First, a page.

TG Escapes Blog
Jane Wharton’s Art Studio
Recently, one of our Garden Escape customers got in touch with us just to say how much she loved her art studio. Having heard from several customers of garden gyms, annexes and offices, we haven’t spoken to an art studio owner before, so we thought we’d give her a call and find out a little bit more about her garden building and why she is so pleased with it.
As the head of a busy art department in a North London sixth form college, where she worked for 20 years, Jane Wharton enjoyed a thoroughly fulfilling career teaching students across a broad range of artistic media. However, between work and family life, there was little time left over for her to indulge her own creative passion. Upon her retirement, over a decade ago, she wasted no time in unleashing her talents and has been enjoying life as an artist ever since.
Initially, she began painting in a spare bedroom, but soon realised that there was simply not enough space for her materials and equipment. A magazine article started her thinking about the possibility of her very own studio and by 2005 her idea became reality with a Garden Escape tucked away at the end of her garden.
As well as the standard connections to electricity, water and mains drainage, Jane’s bespoke design included a Belfast sink for cleaning all her equipment and a special waste water filtering system to separate out heavy art materials such as clay and printing inks. The high insulation values of the building ensure that Jane can work all year round, whenever the mood takes her, in her cosy haven. In Jane’s own words, “you could live in it really.” Indeed, for several months when their house was undergoing extensive works, Jane, her husband and their three cats did just that.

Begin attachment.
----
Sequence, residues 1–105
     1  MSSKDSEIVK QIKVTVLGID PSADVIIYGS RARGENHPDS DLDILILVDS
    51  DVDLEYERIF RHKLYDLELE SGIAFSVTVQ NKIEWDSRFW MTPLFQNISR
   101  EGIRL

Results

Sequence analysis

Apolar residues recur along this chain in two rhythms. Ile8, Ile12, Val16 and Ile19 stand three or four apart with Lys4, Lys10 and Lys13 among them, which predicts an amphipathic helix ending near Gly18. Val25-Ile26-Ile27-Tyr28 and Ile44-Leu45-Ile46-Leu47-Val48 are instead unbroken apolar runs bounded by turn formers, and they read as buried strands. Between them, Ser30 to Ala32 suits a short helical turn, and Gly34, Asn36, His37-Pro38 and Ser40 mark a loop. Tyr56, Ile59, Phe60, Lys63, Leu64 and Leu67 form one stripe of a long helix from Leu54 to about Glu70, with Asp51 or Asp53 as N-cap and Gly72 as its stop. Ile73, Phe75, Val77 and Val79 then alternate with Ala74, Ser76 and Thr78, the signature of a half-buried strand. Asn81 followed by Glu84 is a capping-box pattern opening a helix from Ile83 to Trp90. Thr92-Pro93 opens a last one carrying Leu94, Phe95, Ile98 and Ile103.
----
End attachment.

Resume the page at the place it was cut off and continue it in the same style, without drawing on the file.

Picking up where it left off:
However, it was with some relief that she was able to boot out the fridge and hotplate; reinstate her easel and portfolio rack and reclaim the space as her own: somewhere to work, to create and basically do whatever she likes. With some classical music playing gently in the background, she can allow herself to become completely absorbed in her art: “anything else going on in the world becomes completely irrelevant.”
If she is working towards an exhibition (she has had three at the Lauderdale House Arts Center in Highgate) she has been known to squirrel herself away for most of the day, several days a week. Whilst her art is very much done for pleasure, the opportunity to exhibit and sell her work allows for her hobby to be self-funding and for her to connect with a thriving local artistic community. Not surprisingly, what with old friends and colleagues and a host of new found fellow artist chums, her social life is very busy too, though she didn’t mention using her studio as a party venue!
As if this weren’t enough to keep her out of trouble in her retirement, Jane still enjoys a little teaching and now runs a life drawing group. The regular meetings take place in the art rooms where she used to teach, but it isn’t unusual for a couple of members (and the model) to join Jane at her studio to continue to work together on pieces. Similarly, she continues to teach young, budding artists undertaking GCSEs and A Levels in the space and her own teenage grandchildren love coming to stay and spending time in there. All in all, it is easy to see why Jane loves her garden haven and it was fantastic to hear how enriching it has been, and continues to be, for her.
About the author
More posts from our blog
Cheaper, longer-lasting and better for the environment — LED lights have plenty of benefits. Here, David Boultbee from Ultra LEDs explains how they can even be a safer option than traditional bulbs for lighting modular buildings. From manufacturers to consumers, the...read more
There is little doubt that the protracted Brexit debacle is weighing heavily on confidence generally which is feeding through into reduced housing market activity in many parts of the UK. Added to this are a persistently high inflation rate and the threat of further...read more
Definitions: Millennial - “a person reaching young adulthood in the early 21st century.” Boomerang - “to come back or return, as a boomerang.” There is no doubt that life is tough for young adults in the current economic climate. High house prices, soaring rents,...read more